These are among the key findings of an EdSource representative poll of 834 registered voters, conducted online between Aug. 29 and Sept. 7 by the FM3 Research polling firm. The poll was underwritten with support from the S.D. Bechtel Jr. Foundation, the Hewlett Foundation and the Stuart Foundation.


According to the poll, some 54 percent approve of Newsom’s handling of education, while 39 percent disapprove. Parents give Newsom slightly lower ratings, and in fact appear to be divided on their level of support, with 49 percent expressing approval and 47 percent disapproval.

Higher-income voters are most positive

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Montana ACLU launches effort to mobilize, educate voters

The American Civil Liberties Union of Montana on Tuesday launched its first-ever statewide voter mobilization effort to educate more than 100,000 voters on civil liberties and civil rights issues at stake in the 2020 election.

The voter education initiative will focus on the Montana governor’s race, according to a news release. The American Civil Liberties Union (ACLU) of Montana does not support, oppose or endorse candidates. 

“Civil rights and civil liberties, like abortion rights, are under attack, and that’s why we decided to get involved in this election,” Caitlin Borgmann, executive director with the ACLU of Montana, said in a statement. 



a person looking at the camera: Through mailers and digital ads, the organization will publicize the stance of gubernatorial candidates Mike Cooney and Greg Gianforte on issues including abortion and access to mental health and substance use disorder services.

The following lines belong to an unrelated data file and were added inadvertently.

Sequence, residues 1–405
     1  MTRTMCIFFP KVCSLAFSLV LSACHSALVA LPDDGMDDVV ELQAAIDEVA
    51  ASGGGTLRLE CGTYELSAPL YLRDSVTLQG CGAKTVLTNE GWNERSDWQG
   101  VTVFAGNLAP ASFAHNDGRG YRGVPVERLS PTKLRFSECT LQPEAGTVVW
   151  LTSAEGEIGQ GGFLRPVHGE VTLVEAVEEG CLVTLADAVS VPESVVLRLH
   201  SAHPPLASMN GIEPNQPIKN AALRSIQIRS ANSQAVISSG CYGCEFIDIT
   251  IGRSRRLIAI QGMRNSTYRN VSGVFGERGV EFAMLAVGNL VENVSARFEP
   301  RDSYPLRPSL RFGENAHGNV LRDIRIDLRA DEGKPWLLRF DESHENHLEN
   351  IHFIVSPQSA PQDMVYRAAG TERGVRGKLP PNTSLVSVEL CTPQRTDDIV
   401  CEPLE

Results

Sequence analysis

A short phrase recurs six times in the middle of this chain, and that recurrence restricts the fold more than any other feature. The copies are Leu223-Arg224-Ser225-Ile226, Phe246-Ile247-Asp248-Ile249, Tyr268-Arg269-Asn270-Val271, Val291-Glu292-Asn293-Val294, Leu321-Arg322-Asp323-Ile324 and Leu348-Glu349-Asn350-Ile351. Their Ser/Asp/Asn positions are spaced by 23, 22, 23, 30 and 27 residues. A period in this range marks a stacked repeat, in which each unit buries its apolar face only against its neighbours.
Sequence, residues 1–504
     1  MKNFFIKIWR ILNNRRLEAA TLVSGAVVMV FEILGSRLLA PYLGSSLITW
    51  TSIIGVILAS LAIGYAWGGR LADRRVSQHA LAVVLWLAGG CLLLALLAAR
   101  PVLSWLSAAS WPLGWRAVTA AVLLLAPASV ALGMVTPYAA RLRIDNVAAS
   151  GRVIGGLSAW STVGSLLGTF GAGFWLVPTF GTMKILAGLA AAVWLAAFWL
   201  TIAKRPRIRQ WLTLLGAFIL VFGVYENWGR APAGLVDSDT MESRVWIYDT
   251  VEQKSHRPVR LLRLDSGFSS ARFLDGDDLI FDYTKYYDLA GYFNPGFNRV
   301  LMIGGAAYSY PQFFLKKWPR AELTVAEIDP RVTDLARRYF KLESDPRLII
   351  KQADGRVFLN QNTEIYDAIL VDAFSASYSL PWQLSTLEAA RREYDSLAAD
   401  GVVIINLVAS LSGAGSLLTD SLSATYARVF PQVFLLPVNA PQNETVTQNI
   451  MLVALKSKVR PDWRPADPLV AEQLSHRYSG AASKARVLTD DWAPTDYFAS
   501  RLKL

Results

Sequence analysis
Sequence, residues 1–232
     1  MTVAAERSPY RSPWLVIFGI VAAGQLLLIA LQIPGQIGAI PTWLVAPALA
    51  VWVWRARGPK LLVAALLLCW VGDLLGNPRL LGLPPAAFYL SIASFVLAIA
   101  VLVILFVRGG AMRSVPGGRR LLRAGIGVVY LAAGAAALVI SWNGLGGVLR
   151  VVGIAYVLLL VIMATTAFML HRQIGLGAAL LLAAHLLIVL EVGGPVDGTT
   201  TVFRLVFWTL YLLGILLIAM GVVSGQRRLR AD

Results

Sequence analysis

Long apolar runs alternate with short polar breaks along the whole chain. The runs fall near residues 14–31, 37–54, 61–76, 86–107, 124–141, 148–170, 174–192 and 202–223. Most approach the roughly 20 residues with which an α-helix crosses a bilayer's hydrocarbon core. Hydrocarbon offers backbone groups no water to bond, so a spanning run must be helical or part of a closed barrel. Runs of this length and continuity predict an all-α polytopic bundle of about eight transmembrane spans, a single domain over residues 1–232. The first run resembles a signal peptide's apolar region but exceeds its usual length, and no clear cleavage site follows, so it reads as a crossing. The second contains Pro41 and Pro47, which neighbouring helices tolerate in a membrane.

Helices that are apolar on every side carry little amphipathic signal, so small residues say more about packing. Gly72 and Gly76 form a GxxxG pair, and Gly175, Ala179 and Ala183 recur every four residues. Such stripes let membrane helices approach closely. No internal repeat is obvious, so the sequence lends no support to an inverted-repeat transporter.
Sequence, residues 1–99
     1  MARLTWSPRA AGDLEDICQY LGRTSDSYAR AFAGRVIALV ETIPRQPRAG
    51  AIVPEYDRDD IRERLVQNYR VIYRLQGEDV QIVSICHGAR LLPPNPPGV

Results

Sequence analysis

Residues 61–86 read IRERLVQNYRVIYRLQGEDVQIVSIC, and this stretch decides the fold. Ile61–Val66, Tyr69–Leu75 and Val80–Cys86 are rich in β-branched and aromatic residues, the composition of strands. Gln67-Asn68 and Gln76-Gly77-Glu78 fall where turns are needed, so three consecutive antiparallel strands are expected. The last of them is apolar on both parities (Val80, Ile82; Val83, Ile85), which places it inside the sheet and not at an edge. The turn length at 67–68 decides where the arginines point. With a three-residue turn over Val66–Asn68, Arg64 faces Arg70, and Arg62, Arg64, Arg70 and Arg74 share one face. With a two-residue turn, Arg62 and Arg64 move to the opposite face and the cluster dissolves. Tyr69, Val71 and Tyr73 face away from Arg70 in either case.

© ACLU of Montana
Through mailers and digital ads, the organization will publicize the stance of gubernatorial candidates Mike Cooney and Greg Gianforte on issues including abortion and access to mental health and substance use disorder services.

Through mailers and digital ads, the organization will publicize the stance of

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Montana ACLU launches effort to mobilize educate voters

Tribune Staff
Published 11:53 a.m. MT Oct. 7, 2020

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The American Civil Liberties Union of Montana on Tuesday launched its first-ever statewide voter mobilization effort to educate more than 100,000 voters on civil liberties and civil rights issues at stake in the 2020 election.

The voter education initiative will focus on the Montana governor’s race, according to a news release. The American Civil Liberties Union (ACLU) of Montana does not support, oppose or endorse candidates. 

“Civil rights and civil liberties, like abortion rights, are under attack, and that’s why we decided to get involved in this election,” Caitlin Borgmann, executive director with the ACLU of Montana, said in a statement. 

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Controversial bill mandating sex education in Washington schools goes to voters in November

Referendum 90 would mandate “age-appropriate” sexual health education to be taught to students in every grade in Washington’s public schools.

SEATTLE — Ballots will soon arrive in mailboxes around Washington state and one controversial issue voters will decide on is Referendum 90, which involves the future of sex education in schools. 

In June, it was a coalition of parents who took back control over the future of sex education in schools, gathering enough signatures to put the decision in the voter’s hands. 

“It was a state record during a global pandemic,” Whitney Holz with Informed Parents of Washington explained.